AMD on Thursday launched its Shanghai processor family--the successor to the much maligned Barcelona. The goal: Close the gap on server chips with Intel. The challenge: Convincing customers, shareholders and others in the peanut gallery that a turnaround at AMD is underway.
- Deliver a roadmap that's as easy to understand as Intel's "tick tock" approach;
- Convince investors that the company can hang in a downturn;
- And build credibility by providing more perspective on operational improvements.
Shanghai, which is basically the do-over for the quad-core Barcelona platform, goes a long way to alleviating some of those concerns. The big takeaway is that AMD's latest server chips provide a performance boost over Barcelona in the same thermal envelope--shorthand for saying that more power doesn't result in more heat. Shanghai won't match Intel gigahertz for gigahertz, but the company argues successfully that power management, virtualization integration and other perks may allow AMD to pull even with its larger rival. "We made a 400 Mhz jump in the same power band," says Kevin Knox, vice president of AMD's commercial business. "Shanghai pulls us closer to Intel and keeps us competitive for several quarters to come."
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And that competition is a good thing for technology buyers. A strong AMD gives technology managers more leverage in their negotiations--assuming they aren't completely shelving infrastructure upgrades. Here's a look at AMD's roadmap (click to enlarge):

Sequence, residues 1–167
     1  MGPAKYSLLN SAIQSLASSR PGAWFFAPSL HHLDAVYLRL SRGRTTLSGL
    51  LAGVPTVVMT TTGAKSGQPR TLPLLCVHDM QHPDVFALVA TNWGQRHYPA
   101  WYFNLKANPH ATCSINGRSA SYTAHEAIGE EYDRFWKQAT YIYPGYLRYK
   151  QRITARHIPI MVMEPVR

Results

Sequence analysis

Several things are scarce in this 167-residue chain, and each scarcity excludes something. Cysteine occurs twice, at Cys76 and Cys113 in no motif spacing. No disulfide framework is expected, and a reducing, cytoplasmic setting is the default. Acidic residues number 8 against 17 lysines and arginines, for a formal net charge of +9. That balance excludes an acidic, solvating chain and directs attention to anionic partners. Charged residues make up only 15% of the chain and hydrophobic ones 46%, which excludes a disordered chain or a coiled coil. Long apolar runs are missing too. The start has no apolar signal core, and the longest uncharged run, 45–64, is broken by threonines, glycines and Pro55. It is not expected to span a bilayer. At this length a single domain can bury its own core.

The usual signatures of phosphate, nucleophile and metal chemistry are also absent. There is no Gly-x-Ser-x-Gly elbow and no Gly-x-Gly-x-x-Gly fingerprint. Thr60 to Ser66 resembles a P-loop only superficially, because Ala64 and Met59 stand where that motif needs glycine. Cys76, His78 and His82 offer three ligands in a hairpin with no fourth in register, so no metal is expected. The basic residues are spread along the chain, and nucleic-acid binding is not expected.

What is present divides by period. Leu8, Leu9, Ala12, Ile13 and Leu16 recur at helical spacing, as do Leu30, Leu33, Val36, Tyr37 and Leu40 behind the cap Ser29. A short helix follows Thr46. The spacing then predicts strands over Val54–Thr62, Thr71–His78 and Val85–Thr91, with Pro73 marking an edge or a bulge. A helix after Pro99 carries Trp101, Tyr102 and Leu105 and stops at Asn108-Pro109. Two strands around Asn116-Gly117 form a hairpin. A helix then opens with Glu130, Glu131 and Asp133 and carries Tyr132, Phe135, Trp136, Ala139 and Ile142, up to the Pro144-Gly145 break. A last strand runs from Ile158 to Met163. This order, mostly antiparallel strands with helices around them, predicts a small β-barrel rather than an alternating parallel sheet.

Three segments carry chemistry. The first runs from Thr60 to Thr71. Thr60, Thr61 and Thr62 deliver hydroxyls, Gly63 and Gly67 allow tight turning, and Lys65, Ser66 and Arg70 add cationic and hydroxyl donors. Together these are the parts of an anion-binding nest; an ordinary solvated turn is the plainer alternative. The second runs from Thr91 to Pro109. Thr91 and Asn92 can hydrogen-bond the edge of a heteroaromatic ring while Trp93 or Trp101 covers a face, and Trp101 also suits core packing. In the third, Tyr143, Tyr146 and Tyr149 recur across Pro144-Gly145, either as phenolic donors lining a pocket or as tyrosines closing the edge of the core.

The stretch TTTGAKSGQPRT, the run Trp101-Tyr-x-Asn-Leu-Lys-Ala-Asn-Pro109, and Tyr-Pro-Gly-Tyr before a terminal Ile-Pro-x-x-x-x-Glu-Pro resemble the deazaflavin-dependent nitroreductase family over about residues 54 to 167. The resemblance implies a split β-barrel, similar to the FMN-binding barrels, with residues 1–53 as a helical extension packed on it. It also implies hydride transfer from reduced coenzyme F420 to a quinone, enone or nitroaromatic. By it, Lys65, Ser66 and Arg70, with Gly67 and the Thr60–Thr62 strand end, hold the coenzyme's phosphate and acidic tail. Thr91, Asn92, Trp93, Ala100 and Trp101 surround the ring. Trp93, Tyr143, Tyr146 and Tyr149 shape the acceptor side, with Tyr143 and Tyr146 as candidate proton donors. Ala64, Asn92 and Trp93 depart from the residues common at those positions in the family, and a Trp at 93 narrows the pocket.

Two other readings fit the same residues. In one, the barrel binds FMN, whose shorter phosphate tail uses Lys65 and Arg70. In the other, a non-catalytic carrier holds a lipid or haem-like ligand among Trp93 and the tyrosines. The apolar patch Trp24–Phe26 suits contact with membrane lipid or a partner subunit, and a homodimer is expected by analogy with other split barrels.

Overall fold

Simply put, AMD's latest server chips are another step in the right direction for company. Among other recent moves:
- AMD finally unveiled its long-awaited asset smart strategy. The move allows AMD to keep its hands in the chip manufacturing game without the balance sheet hit. If there's upside in its former manufacturing unit AMD participates. If not, AMD won't be swallowed alive. Since AMD is still heavily involved in the manufacturing spinoff it minimizes manufacturing risk as it delivers its roadmap.
- AMD's graphic chip business is showing some momentum. Graphic chips--a key cog in AMD's business model--are selling well enough to allow the company to squeeze larger rival Nvidia before Intel enters the market.
- AMD has a new leader. To say Hector Ruiz had lost Wall Street would be a minor understatement. Previous AMD analyst meetings had a familiar ring to them: Optimism--largely unwarranted--followed by poor execution. Ruiz would talk about AMD's asset smart strategy, but wouldn't deliver the goods. Under new CEO Dirk Meyer AMD gets a fresh start. The change was way overdue. If Meyer delivers the details Wall Street demands he can put AMD on better footing.
The problem? AMD is wrestling with an economic slowdown, fixing its balance sheet and is a no-show in the PC industry's fastest growing market--netbooks. And AMD is still losing money. In its third quarter, AMD reported a net loss of $67 million, or 11 cents a share, on revenue of $1.4 billion, up 8 percent from a year ago. While the outlook for AMD--like most technology companies--is murky at best at least units are up with flat average selling prices.